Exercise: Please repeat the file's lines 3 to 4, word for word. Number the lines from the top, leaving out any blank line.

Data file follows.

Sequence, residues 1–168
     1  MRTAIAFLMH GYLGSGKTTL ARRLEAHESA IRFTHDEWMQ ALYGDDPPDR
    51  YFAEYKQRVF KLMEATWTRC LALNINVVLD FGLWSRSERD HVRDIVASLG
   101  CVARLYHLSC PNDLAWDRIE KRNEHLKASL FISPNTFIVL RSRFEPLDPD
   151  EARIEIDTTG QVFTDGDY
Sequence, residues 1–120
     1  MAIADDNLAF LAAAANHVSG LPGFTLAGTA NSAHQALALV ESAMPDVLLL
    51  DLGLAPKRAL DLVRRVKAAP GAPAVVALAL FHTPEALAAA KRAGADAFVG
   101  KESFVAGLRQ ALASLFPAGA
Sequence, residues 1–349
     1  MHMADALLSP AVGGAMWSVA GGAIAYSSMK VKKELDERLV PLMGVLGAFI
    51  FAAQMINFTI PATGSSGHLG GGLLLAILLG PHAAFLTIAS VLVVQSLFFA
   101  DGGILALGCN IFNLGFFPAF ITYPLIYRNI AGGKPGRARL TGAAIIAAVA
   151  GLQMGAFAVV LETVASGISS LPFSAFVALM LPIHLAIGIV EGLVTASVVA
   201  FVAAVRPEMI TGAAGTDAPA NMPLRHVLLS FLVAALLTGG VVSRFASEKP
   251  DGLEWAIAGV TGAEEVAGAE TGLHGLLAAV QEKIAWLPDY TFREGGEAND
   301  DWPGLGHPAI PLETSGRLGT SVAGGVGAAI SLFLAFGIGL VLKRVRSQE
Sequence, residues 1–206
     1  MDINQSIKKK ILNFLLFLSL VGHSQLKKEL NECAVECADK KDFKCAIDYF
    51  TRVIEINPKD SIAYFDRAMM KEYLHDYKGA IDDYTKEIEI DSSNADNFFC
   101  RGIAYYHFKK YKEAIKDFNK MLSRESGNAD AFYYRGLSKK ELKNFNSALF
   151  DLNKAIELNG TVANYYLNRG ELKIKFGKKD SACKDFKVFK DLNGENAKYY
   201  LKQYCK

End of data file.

    51  YFAEYKQRVF KLMEATWTRC LALNINVVLD FGLWSRSERD HVRDIVASLG
   101  CVARLYHLSC PNDLAWDRIE KRNEHLKASL FISPNTFIVL RSRFEPLDPD